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More Americans apply for jobless benefits last week

A "Help Wanted" sign outside a restaurant in the East Flatbush neighborhood in the Brooklyn borough of New York.Gabriela Bhaskar/Photographer: Gabriela Bhaskar

WASHINGTON — More Americans filed for unemployment benefits last week, but the labor market remains strong even in the face of persistent inflation and a slowing overall US economy.

Jobless claims for the week ending Oct. 1 rose by 29,000 to 219,000, the Labor Department reported Thursday. Last week’s number was revised down by 3,000 to 190,000.

The four-week moving average inched up by 250 to 206,500.

The total number of Americans collecting unemployment aid rose by 15,000 to 1.36 million for the week ending Sept. 24.

In Massachusetts, about 3,389 individuals filed new claims for unemployment benefits last week, up 2,206 from the week prior, according to the Labor Department.


Applications for jobless aid generally reflect layoffs, which have remained historically low since the initial purge of more than 20 million jobs at the start of the coronavirus pandemic in the spring of 2020.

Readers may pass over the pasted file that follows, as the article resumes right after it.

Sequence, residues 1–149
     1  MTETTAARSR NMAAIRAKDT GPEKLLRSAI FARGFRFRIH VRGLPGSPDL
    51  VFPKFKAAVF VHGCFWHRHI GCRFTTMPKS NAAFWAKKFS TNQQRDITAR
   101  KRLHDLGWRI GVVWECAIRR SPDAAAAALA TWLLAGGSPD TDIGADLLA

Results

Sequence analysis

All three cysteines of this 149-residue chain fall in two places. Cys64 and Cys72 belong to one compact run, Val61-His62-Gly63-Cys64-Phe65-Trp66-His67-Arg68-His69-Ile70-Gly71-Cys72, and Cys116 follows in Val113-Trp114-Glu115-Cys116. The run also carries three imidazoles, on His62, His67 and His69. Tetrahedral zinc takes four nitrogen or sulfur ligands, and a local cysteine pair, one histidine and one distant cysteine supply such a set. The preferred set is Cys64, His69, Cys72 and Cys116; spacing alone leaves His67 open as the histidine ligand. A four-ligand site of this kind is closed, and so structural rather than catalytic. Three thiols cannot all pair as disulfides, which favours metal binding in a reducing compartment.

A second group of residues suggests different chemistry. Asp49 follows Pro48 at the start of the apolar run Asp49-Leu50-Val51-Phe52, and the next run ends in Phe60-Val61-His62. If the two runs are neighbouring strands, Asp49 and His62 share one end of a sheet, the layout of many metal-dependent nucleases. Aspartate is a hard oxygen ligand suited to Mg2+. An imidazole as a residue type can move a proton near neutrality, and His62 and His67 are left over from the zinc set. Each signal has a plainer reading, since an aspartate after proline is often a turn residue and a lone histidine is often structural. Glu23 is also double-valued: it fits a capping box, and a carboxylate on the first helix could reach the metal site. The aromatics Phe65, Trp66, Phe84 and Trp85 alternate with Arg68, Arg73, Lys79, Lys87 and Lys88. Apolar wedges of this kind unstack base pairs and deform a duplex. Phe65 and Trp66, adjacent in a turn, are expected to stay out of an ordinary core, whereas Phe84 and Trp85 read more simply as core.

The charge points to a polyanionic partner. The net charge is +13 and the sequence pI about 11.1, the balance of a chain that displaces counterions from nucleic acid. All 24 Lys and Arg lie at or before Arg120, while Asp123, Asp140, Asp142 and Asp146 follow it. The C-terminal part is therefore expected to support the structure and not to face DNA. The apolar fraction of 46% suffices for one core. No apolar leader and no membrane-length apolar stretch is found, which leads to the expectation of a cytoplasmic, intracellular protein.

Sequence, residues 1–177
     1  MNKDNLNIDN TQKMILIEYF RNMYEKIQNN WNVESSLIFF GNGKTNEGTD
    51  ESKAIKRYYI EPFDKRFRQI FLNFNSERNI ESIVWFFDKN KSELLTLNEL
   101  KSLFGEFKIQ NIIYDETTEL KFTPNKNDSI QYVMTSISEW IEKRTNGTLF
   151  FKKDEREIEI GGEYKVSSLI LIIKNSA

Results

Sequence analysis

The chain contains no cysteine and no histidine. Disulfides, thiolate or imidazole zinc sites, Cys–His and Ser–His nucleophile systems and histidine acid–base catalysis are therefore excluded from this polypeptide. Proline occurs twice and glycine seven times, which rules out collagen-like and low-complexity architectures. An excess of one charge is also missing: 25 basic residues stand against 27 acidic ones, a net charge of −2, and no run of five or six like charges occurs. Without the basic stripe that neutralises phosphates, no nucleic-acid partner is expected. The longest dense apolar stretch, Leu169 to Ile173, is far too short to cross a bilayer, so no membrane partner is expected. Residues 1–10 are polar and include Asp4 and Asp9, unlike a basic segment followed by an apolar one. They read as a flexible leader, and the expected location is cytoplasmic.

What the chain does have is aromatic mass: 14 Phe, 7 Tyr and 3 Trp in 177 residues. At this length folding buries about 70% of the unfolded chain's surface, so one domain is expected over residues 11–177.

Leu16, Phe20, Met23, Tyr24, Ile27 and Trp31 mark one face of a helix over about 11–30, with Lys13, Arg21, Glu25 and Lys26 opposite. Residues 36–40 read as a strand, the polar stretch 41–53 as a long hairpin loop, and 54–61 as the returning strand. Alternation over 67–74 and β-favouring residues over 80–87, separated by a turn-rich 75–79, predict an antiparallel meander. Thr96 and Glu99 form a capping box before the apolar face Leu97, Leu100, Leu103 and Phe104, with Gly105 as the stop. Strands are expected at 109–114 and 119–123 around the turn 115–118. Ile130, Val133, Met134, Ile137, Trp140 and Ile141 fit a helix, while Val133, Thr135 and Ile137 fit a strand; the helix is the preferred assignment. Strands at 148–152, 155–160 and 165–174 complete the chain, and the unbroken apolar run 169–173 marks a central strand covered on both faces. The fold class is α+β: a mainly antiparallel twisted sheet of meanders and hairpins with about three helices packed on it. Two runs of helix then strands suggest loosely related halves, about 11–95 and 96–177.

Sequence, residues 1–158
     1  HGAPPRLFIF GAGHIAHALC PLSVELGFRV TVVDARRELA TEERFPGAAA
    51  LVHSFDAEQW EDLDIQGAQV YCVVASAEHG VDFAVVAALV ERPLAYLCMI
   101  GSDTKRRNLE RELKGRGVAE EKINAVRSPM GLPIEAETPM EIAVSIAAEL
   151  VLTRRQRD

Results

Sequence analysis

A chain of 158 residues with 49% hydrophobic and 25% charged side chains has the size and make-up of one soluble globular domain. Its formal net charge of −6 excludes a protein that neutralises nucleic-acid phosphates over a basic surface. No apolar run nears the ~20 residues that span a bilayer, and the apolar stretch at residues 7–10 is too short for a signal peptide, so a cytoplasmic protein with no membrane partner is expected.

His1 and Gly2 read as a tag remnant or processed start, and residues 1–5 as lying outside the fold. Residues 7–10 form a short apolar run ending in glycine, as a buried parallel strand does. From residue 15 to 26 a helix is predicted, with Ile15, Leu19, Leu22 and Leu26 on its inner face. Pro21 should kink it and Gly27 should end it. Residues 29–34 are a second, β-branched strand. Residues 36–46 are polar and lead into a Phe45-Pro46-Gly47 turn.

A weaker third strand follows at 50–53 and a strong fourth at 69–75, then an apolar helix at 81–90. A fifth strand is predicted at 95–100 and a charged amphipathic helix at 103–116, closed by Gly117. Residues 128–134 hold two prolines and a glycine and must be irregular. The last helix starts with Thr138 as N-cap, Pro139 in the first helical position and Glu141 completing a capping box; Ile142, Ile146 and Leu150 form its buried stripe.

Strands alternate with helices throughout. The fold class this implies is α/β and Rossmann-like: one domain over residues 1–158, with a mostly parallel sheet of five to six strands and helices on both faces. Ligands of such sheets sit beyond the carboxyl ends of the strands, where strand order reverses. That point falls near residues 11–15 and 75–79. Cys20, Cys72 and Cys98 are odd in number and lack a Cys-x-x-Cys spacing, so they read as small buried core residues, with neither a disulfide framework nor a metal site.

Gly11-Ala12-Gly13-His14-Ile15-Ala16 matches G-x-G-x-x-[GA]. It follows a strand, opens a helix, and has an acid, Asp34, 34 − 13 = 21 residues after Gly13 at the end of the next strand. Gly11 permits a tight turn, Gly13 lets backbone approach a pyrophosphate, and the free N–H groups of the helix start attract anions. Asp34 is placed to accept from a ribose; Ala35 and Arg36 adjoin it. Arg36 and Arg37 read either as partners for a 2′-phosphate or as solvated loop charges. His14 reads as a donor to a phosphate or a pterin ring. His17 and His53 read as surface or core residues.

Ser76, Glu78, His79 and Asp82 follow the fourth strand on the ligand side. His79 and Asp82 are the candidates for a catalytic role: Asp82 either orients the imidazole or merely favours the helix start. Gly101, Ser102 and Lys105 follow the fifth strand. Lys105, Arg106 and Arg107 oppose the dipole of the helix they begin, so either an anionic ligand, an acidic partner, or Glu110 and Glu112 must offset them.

Recent employment data has indicated that the job market may be cooling slightly, an important consideration for the Federal Reserve when it meets early next month to decide whether or not to raise its main lending rate again.

On Tuesday, the government reported that the number of available jobs in the US plummeted in August compared with July as businesses grow less desperate for workers, a trend that could put a dent in chronically high inflation.

Payroll processor ADP said Wednesday that businesses added 208,000 jobs in September, ahead of analysts’ estimates of 200,000, but below the 250,000 that Wall Street expects the government to report in September jobs data coming Friday. The ADP survey does not always mirror the government's tally.

The Federal Reserve is aiming to bring down inflation by rapidly raising its key interest rate, which is currently in a range of 3 percent to 3.25 percent. A little more than six months ago, that rate was near zero. The sharp rate hikes have pushed mortgage rates up to 15-year highs, and made other borrowing costlier. The Fed hopes that higher interest rates will slow borrowing and spending and push inflation closer to its traditional 2 percent target.


Fed officials are increasingly warning that the unemployment rate will likely have to rise as part of their fight against rising prices. If it remains at or near its current 3.7 percent, most economists believe it would likely mean more rate hikes from the Fed.

Last week, the government reported that the US economy shrank for the second straight quarter, but so far, that has done little to cool the job market, part of the Fed’s inflation-fighting strategy.